To determine the active carbonate content of the product, samples of the polymer may be reacted with a measured amount of benzylamine in dichloromethane and the excess of amine titrated with perchloric acid in dioxane.
Similarly, BSC-PEG may be prepared as follows:
Polyethylene glycol of molecular weight 4600 (Union Carbide, 50 g, 21.7 mequiv. OH) may be converted to the corresponding bis-N-succinimide carbonate using a toluene solution of phosgene (50 ml, 96.5 mmol) and then N-succinimide (3.8, 23 mmol) and triethylamine (3.2 ml, 23 mmol) following the procedure for producing SC-PEG described supra. After purification the product may be obtained as white powder.
In a particular embodiment of the invention, and not by way of limitation, monomeric Hb may be modified by monofunctional PEG. In a specific embodiment of the invention, bovine Hb may be modified with poly(ethylene glycol)-N-succinimide carbonate (SC-PEG) as follows:
bHb, reduced according to the method described in Section 5.1.1, supra, may be reacted with SC-PEG (having a molecular weight between 1900 and 10,000 Da) in buffer containing NaCl at a concentration between about 0.5 and 1.5 M and sodium phosphate at a concentration between about 0.1 and 1 M. Preferably, the molar ratio of SC-PEG to bHb is between about 10:1 and 50:1. The reaction may then be carried out at about 4° C., at a pH between about 7.5 and 8.5, under an inert atmosphere, for between one and six hours, and preferably between one and two hours. The relationship which has been observed between P50 and the degree of modification is presented in Table II.
TABLE II______________________________________ Degree of Modification 5% 10% 20%______________________________________P50 (mm Hg) of 0.1M [Cl- ] 24 22 22SC-PEG(5000)-bHb 0.5M [Cl- ] 28 24 24reacted in 1.0M [Cl- ] 30 29 29______________________________________
Alternatively, and not by way of limitation, polymeric hemoglobin may be produced by reacting hemoglobin first with bifunctional PEG and then with monofunctional PEG. In a specific embodiment of the invention, bovine Hb (bHb) may be first modified with poly(ethylene glycol)-bis-N-hydroxysuccinimide carbonate (BSC-PEG) and then subsequently modified by SC-PEG as follows:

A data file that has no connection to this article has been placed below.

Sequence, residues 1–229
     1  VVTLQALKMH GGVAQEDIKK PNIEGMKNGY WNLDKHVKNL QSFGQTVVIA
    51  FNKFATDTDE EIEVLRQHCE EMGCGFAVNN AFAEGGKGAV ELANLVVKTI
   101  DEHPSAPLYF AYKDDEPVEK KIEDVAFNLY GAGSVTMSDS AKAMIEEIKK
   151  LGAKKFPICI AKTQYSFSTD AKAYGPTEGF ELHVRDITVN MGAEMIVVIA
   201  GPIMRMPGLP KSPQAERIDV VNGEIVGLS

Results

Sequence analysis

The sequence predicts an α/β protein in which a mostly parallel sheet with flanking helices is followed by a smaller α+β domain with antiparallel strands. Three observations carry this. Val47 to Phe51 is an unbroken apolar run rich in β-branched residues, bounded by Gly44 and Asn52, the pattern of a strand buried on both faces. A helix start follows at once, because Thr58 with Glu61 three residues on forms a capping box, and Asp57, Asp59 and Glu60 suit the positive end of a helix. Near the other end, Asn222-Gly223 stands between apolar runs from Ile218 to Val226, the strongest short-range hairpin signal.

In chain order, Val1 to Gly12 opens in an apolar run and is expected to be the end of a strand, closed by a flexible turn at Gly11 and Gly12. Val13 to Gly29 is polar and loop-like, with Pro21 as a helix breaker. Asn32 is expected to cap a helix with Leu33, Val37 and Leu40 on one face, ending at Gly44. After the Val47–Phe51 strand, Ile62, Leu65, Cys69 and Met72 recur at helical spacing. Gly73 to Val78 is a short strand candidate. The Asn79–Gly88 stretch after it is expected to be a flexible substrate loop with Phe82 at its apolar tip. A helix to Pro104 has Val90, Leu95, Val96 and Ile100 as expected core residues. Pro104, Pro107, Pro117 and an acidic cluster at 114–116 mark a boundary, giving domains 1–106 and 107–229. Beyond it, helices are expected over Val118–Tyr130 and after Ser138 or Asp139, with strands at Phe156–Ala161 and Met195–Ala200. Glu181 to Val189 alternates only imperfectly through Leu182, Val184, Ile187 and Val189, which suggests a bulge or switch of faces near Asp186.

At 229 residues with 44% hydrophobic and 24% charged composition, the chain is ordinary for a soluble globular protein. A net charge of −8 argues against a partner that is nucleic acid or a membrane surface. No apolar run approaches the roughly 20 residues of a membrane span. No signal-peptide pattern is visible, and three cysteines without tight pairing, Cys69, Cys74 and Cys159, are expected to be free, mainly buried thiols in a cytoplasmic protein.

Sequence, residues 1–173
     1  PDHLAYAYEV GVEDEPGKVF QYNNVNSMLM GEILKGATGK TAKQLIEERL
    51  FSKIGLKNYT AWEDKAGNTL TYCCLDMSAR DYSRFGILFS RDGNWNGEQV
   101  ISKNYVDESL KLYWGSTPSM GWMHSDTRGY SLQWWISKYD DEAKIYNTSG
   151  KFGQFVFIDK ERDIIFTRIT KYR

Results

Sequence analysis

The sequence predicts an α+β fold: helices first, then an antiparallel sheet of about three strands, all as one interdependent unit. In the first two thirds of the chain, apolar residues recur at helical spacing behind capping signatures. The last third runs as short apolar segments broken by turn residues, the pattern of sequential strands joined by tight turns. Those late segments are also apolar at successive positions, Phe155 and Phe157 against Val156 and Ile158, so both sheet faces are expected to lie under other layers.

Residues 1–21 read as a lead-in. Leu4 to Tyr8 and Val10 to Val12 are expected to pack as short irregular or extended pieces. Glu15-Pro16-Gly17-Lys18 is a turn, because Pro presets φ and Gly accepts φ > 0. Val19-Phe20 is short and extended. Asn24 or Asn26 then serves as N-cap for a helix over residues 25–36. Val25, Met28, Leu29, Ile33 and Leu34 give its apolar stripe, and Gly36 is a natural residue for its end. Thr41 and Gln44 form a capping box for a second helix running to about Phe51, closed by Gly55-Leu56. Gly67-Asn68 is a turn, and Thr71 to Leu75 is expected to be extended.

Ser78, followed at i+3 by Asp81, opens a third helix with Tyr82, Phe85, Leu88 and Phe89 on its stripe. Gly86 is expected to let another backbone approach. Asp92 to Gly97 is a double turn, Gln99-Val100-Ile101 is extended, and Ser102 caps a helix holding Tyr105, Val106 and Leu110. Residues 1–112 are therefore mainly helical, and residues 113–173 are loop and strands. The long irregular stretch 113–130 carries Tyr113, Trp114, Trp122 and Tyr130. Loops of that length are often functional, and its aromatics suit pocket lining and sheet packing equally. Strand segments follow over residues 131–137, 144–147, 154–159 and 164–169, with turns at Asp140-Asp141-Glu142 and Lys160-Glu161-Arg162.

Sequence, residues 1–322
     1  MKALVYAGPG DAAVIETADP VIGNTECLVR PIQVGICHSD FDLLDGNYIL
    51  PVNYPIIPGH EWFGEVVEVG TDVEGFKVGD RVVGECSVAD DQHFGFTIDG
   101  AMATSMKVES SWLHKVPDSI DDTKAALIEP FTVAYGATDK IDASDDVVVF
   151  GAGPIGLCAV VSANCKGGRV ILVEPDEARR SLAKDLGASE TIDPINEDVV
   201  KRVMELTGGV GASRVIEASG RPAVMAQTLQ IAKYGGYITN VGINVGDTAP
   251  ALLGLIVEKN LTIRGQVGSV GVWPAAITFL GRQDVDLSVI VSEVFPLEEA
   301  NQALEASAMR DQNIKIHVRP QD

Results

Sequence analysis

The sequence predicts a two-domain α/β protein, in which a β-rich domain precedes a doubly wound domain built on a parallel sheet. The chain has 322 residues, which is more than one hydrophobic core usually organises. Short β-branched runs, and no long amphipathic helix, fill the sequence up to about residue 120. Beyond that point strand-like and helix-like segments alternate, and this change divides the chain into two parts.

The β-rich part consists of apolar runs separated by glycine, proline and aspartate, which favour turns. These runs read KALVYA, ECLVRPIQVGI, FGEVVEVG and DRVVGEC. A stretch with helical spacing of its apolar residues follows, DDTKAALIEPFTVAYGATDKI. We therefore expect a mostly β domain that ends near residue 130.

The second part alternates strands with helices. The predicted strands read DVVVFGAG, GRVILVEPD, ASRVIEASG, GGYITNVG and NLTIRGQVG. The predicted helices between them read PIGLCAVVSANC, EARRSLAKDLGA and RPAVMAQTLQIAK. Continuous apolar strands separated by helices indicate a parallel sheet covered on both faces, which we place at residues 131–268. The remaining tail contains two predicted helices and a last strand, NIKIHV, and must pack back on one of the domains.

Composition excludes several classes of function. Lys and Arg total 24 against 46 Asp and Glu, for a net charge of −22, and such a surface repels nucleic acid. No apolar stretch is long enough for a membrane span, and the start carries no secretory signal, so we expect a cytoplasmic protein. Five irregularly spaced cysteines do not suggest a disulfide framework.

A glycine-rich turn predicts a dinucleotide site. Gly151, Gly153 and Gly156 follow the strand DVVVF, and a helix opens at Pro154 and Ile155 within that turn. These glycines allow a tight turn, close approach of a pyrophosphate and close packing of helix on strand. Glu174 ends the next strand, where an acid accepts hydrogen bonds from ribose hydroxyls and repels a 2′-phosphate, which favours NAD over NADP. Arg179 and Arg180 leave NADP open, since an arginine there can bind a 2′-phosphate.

bHb reduced according to the method described in Section 5.1.1., supra, may be reacted with BSC-PEG (having a molecular weight between 1900 and 10,000 Da. in buffer containing NaCl at a concentration between about 0.5 and 1.5 M and sodium phosphate at a concentration between about 0.1 and 1 M. Preferably the molar ratio of BSC-PEG to bHb is between about 1:1 and 5:1. The reaction may then be carried out at about 4° C., at a pH between about 7.5 and 8.5, under an inert atmosphere, for between one and three hours. Bifunctional PEG-modified bHb has been observed to be associated with a higher P50 than monofunctional PEG-modified bHb. Oxygen-binding affinity has been found to be associated with the degree of intramolecular and intermolecular cross-linking.
TABLE III______________________________________Degree of modification P50of BSC-PEG(6000)-bHb* (mm Hg)______________________________________3% 38.56% 36.5 7.3% 36.5______________________________________Degree of modification P50of BSC-PEG(4600)-bHb* (mm Hg)______________________________________3% 34 4.5% 346% 32.5______________________________________ *All reactions are performed in 0.15M [Cl- ]-